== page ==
The thing is how we exit is going to be as divisive as whether we exit Broadly speaking supporters of Leave, like Gaul, can be divided into three parts.

The first part are those who supported Lexit, the people who opposed the EU on allegedly left-wing grounds. We can disregard them on the grounds that their opinions are neither salient or relevant. People who voted a coalition of turbo-capitalists and angry nativists as a road to socialism score ten out of ten for boldness, from which, I fear, we must subtract several million for good judgement. Whilst we, on the remain side, peer at our enemies through a fog of mutual suspicion and distrust we can, like Tommiy and Fritz on Christmas Day 1914 come together in the shared appreciation of the fact that Giles Fraser is a bit of a pratt.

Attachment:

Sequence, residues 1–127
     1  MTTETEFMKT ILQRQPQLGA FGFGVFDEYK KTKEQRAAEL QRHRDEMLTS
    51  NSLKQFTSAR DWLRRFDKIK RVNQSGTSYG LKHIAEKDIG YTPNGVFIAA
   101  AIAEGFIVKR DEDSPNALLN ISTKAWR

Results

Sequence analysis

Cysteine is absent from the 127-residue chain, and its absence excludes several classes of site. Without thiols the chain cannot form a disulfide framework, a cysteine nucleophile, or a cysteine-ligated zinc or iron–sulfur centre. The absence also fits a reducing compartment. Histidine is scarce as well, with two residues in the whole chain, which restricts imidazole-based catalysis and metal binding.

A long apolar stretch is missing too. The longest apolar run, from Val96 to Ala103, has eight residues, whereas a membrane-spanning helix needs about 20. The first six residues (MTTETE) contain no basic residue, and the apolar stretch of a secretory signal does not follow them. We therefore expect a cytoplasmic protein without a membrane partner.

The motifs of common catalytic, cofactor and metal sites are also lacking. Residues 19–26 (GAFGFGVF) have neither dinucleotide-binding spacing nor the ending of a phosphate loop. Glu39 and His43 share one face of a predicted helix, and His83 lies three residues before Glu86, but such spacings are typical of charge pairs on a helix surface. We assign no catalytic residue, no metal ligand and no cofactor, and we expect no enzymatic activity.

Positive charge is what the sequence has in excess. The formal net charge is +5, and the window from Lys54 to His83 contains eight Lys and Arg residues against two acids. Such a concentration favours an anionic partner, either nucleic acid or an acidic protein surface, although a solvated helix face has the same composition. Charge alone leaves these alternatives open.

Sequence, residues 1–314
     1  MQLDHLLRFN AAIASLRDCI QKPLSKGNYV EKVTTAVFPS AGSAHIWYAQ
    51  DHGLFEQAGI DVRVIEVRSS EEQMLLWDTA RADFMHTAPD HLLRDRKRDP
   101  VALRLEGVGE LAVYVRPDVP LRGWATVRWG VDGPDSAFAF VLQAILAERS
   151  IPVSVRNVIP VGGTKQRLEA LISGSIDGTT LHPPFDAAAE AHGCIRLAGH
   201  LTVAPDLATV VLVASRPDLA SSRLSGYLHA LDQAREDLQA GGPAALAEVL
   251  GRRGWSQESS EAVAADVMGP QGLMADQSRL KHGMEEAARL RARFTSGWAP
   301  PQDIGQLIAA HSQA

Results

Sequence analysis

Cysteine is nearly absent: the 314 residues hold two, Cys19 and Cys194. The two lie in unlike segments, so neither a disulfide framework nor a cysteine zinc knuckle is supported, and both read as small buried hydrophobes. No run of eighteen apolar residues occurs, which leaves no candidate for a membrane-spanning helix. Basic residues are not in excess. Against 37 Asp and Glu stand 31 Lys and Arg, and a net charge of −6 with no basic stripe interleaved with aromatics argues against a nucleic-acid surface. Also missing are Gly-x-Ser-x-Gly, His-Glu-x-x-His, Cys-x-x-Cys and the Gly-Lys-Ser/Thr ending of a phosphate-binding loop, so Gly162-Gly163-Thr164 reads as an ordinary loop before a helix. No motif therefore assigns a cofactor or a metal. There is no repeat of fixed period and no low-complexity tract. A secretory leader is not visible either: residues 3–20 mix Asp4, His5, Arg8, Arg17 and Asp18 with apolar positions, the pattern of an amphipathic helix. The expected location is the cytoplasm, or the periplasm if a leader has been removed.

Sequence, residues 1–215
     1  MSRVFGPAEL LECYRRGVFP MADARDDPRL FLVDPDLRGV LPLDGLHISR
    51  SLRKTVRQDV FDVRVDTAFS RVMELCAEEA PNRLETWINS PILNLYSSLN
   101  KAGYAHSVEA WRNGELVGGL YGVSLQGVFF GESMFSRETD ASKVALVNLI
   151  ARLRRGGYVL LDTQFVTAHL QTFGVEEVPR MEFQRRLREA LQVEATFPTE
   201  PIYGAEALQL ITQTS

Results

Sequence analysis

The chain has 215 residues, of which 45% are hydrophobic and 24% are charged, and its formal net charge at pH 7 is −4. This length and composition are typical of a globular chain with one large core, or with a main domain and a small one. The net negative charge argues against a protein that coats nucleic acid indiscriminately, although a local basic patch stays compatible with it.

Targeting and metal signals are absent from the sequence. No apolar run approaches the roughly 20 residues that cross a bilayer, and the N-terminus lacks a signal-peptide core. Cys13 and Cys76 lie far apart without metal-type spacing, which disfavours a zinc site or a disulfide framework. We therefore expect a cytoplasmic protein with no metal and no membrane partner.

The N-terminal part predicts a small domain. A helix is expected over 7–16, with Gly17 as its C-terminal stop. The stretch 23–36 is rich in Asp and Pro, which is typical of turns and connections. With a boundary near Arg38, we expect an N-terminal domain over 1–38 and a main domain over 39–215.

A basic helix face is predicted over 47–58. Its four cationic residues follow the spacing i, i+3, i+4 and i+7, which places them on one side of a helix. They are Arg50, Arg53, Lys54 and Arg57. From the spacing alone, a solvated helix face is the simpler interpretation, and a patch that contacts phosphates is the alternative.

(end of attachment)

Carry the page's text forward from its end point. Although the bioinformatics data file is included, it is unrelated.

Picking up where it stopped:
Our serious enemies are the angry nativists for whom this was a vote to reduced immigration to the 10s of thousands and the turbo-capitalists for whom this was a vote to make Britain a kind of libertarian tax haven off the coast of Europe. If you think of this as a kind of peasants revolt led by romantic aristocrats then the guys on horseback with the flowing locks are Boris, Gove and co. and the guys with pitchforks and torches are the people who want to get rid of the ethnics. Like many peasant revolts they have scored a striking early success. They have decapitated a royal official (Mr Cameron) and scattered the loyalist garrison (The rest of us) and they are now marching on the Keep of Queen Angela to present their demands. Unfortunately for them, wicked Queen Angela has the economic equivalent of cannon. They have two choices. They can have access to the single market and accept the principle of free movement whilst being outside the juridical structure of the EU in part or they can have restrictions on freedom of movement and trade with the EU on WTO terms. This presents the turbo-capitalists with a dilemma. Do they say "fie upon thee, base Queen, we have pledged our word to these good men and true and will stand by them no matter the costs. We shall have no ethnics in our free realm". Or do they say "sorry chaps, whilst we might have given you the impression that we would end free movement there was nothing about it on the ballot paper Caveat Emptor as we say at Eton. When I say this is a dilemma, I exaggerate somewhat. There is very little in the career of Boris Johnson that indicates that he would have scruples about betraying working class voters in order to keep the City of London in the style to which they have become accustomed. So frankly the vox populi is going to be set aside one way or another, anyway. Those of us who want to see it put aside by remain merely have the virtue of greater candour.